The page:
Among the Orange Trees of the Cloister - the Cathedral Tower started out as a Mosque's Minaret 

 On the site of a Mosque from the time of the Moorish invasions, the interior of the Cathedral is witness to the richness of South America - a silver Altar, and a reredos entirely covered in gold leaf. No wonder Drake wanted to intercept the Spanish Treasure Fleets.

Cathedral High Altar in Seville Cathedral

The Crews' private oratory behind the Mess TV

Equally well-loved though, and prayed in, is the little chapel created by the crew from a small space in their Mess. The crew members are mostly from Goa or the Philippines, and the devotion of these hard-working men and women puts us to shame. The ministry of the Apostleship of the Sea (Stella Maris) is greatly appreciated. Having served as Chaplain on Adonia at Easter I was welcomed back like a long-lost brother on my return. The few devotional cards I had been able to take with me at such short notice were seized eagerly; and I said a little to some of them about Our Lady of Walsingham, and her patronage of us members of the Ordinariate. [You may spot OLW on the right of the picture].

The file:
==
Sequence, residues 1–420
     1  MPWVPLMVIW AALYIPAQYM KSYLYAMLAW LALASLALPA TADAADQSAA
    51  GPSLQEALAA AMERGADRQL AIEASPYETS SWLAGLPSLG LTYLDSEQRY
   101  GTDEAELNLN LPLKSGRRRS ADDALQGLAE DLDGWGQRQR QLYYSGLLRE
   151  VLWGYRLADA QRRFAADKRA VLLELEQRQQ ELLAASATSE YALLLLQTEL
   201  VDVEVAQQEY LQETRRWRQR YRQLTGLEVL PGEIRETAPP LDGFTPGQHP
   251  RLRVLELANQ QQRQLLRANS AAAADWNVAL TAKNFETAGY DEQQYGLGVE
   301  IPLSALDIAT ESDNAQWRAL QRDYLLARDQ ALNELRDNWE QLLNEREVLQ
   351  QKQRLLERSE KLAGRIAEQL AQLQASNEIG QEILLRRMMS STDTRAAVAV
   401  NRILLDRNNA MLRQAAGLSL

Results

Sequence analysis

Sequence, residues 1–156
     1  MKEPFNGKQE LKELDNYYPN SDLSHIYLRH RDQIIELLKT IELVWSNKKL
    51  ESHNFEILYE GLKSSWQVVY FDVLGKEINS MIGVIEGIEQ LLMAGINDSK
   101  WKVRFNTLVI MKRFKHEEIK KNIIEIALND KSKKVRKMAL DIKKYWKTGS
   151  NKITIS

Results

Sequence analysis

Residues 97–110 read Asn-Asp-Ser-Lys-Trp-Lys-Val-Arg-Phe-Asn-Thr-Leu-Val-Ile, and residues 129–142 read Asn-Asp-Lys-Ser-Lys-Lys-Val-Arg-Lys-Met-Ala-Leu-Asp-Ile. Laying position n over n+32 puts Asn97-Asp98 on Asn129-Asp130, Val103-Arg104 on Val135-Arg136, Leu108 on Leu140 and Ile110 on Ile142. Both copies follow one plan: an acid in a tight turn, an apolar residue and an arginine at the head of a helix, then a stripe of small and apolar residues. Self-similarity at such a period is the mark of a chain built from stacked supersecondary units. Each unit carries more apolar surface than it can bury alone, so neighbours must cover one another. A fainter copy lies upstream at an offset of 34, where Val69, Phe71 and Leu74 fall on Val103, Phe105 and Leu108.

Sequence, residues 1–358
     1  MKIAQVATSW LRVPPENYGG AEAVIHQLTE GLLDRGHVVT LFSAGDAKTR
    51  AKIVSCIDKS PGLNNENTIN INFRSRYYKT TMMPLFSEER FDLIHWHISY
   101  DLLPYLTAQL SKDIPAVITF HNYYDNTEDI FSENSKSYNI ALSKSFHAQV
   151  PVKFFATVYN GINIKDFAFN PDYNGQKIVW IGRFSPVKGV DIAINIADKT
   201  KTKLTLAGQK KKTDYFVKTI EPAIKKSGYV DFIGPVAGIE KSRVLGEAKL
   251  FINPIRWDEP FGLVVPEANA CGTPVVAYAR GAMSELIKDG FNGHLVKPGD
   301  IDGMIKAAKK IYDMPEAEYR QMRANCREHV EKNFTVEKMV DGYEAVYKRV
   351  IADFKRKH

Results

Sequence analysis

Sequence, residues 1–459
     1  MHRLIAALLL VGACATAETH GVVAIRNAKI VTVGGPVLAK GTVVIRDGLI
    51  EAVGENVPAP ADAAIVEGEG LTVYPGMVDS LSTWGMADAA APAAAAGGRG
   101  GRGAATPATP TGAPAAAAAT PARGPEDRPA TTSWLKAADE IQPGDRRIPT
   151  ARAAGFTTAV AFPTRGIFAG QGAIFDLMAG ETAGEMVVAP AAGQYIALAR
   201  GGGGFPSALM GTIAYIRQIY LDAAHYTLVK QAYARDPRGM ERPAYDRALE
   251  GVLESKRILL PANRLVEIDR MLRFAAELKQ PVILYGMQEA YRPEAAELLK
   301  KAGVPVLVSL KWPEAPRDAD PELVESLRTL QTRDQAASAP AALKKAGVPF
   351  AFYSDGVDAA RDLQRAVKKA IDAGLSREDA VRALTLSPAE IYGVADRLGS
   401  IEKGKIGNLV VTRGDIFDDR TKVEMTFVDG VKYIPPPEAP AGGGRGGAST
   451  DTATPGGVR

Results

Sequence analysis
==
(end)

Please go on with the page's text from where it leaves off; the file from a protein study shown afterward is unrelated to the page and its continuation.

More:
The next port of call was Tangiers. I did not have time (or inclination) to do any sightseeing - but it was interesting to catch a glimpse of Gibraltar; I had last seen the Rock when I went to Malta and back as a young child. On that occasion my mother had saved up twenty pounds to pay the fare - no 'accompanied postings' then, unless you paid for it. She had earned this princely sum by scrubbing floors.My father was a submariner at that time.  I think I was two years old when we came back to England a couple of years before the war..